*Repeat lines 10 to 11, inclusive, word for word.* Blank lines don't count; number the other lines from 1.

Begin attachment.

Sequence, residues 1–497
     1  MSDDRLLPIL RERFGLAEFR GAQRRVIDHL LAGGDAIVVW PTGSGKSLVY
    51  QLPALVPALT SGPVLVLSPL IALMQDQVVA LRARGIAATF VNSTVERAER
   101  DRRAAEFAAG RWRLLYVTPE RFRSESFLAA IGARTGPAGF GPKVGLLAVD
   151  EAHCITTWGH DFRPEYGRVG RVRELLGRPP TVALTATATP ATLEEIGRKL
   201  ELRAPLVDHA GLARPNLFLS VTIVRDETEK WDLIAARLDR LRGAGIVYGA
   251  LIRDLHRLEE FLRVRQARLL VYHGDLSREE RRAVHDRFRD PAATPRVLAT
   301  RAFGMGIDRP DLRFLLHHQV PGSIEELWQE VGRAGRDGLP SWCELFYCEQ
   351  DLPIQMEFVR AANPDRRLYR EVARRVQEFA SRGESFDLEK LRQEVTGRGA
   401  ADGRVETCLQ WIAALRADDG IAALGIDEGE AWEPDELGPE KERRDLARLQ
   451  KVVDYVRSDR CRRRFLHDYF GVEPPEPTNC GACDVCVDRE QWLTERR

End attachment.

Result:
   401  ADGRVETCLQ WIAALRADDG IAALGIDEGE AWEPDELGPE KERRDLARLQ
   451  KVVDYVRSDR CRRRFLHDYF GVEPPEPTNC GACDVCVDRE QWLTERR